A Blagojevich attorney gives an exclusive view of the trial, while evidence surfaces that he admitted to a drinking problem.
Blagojevich attorneys confirmed Wednesday night that a confidential pre-sentence report recommended the ex-governor be placed in an alcohol abuse program after he reports to prison .
But is it another Blagojevich stunt? Completion of the program can lead to a shorter sentence.
Defense Attorney Aaron Goldstein sat down with FOX Chicago News to talk about being at Blagojevich’s side through both trials.
Goldstein said he never personally witnessed an alcohol issue with Blagojevich, but he also said he has absolutely no reason to question the probation department report which found Blagojevich did have a drinking problem.
He pointed out Judge Zagel accepted that finding, that's one reason the judge recommended Englewood prison in Colorado.
As to his own life with Blagojevich over the last three years, he said he has no regrets, including the decision to let Blagojevich testify.
Jurors said Blagojevich was doing well on the witness stand until the cross examination. Goldstein disagreed, saying cross was not the turning point of the trial – that it was a good examination.
“I think what hurt us the most was that we didn't have tapes to play for the jury, to back up what he said,” Goldstein said. “It really, I think, came down to a numbers game, where the government was able to play 60-70 calls, where we were only able to play five of them.”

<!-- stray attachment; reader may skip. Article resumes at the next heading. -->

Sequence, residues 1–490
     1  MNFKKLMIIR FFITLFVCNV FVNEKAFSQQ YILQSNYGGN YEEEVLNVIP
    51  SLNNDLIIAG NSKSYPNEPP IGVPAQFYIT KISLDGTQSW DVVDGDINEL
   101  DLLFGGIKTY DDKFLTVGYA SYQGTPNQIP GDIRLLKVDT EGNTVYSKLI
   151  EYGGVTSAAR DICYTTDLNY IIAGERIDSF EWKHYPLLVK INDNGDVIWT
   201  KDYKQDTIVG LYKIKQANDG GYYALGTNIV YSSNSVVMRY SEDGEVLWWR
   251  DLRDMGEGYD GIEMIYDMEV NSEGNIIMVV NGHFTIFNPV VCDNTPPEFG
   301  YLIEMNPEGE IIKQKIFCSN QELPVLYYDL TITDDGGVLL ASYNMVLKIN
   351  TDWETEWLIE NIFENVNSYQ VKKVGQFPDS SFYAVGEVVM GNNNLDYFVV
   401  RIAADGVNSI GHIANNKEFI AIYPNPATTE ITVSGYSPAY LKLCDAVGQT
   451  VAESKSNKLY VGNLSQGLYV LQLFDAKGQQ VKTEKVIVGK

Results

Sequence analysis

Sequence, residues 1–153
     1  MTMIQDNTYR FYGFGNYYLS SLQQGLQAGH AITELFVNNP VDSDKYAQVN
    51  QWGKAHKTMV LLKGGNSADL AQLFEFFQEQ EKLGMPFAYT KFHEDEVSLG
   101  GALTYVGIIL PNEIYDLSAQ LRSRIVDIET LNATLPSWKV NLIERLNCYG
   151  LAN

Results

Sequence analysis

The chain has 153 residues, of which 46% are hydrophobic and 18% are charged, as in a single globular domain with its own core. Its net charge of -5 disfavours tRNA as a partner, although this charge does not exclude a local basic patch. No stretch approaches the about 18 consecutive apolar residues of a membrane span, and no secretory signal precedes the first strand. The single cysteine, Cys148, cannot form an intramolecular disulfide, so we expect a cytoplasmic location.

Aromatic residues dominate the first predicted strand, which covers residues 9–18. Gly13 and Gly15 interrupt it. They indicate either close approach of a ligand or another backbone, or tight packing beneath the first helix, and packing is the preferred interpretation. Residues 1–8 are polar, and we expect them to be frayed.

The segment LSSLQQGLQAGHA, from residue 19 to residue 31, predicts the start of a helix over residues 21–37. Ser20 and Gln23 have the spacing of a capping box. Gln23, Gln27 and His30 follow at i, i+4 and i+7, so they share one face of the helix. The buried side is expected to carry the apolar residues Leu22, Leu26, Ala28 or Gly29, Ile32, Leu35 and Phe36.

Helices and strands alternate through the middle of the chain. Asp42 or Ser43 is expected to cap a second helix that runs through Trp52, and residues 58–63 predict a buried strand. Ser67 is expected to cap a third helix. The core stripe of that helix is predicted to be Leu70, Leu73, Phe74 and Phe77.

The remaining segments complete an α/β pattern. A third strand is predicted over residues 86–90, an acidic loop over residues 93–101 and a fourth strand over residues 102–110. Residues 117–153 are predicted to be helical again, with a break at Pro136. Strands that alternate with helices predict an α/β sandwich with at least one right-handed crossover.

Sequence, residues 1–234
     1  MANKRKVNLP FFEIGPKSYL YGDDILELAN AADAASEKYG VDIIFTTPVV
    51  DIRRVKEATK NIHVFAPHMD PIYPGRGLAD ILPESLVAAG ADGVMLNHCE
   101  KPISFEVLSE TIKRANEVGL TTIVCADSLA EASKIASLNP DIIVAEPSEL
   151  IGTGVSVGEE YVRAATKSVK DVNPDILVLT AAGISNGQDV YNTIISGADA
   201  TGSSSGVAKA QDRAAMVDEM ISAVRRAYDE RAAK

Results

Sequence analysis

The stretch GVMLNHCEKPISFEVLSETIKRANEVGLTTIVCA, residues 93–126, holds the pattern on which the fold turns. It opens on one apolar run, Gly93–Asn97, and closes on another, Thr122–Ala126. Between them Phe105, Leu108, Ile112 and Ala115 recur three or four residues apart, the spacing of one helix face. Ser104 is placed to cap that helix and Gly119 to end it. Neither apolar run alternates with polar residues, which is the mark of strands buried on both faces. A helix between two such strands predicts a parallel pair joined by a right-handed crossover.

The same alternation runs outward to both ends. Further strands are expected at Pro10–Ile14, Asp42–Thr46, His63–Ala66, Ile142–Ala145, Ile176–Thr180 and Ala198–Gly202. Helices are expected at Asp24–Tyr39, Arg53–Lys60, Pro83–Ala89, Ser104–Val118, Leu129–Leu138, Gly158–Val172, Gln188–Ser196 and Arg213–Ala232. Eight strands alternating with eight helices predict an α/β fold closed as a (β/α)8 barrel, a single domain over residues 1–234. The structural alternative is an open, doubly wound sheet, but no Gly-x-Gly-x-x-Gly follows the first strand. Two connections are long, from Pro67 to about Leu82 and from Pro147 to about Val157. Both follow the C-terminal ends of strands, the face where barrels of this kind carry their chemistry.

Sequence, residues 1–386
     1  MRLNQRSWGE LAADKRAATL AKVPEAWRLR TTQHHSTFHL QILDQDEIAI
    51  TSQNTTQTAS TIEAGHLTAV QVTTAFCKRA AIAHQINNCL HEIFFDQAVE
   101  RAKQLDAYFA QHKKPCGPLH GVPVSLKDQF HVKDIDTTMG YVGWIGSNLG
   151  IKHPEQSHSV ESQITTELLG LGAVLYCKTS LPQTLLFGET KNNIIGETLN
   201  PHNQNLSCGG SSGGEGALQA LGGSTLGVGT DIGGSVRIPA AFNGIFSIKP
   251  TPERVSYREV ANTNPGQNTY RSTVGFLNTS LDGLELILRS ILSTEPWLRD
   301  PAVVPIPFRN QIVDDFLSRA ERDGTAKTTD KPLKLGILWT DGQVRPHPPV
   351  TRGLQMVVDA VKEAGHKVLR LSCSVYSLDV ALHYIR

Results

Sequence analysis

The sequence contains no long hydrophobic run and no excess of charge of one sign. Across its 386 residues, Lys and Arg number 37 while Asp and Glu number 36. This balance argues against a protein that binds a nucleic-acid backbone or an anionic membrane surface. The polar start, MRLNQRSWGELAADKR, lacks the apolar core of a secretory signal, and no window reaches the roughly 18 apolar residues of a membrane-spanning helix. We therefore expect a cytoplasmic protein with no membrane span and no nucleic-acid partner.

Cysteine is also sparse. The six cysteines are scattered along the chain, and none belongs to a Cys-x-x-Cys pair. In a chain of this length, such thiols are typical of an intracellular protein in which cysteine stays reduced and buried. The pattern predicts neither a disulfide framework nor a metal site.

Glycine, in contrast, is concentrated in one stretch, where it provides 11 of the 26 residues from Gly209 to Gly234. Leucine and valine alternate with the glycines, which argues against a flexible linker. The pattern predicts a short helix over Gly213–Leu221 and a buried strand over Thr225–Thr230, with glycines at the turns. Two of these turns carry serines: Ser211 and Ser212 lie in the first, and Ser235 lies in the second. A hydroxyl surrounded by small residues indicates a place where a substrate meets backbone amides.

Judge Zagel’s rulings regarding the tapes and other evidence restricted the amount of evidence the Blagojevich defense was able to present in trial. When asked whether the former governor was given a fair trial, Goldstein said it was for the appellate court to decide.
“We made those allegations over and over again,” Goldstein said. “There were certain things that we certainly had a gripe with.”
Goldstein worked with Blagojevich to prepare for testimony, and said he was both a good student and a good client – “not stubborn at all.”
“It was just to go over so he was completely aware of all the possible cross examination and direct testimony that he was going to get,” Goldstein said. “He was a joy to work with. I became so close with Rod and still am very close.”
Goldstein worked on the Blagojevich case for three years. The father of two now has time to reacquaint himself with his family.
“My wife is unbelievable. She basically said she learned what it felt like to be a single mother, during these last two years. But she understood that my duty calls,” Goldstein said. “You have to do what you have to do.”
The defense attorney said another interesting story was that his 6-year-old daughter got to know Blagojevich, and had a very emotional reaction to the guilty verdict.
“When she heard the verdict, she was at day care, they had the TV on,” Goldstein said. “She was just crying… and had to be sat down and calmed down. Recently, when she saw he was going to prison. She said to turn the channel, she couldn't watch it.”
As to serving time in Colorado, Goldstein said several factors pointed to Englewood as the best choice for Blagojevich. It’s close to Denver, and there's already a minimum security camp there that Blagojevich could eventually move into.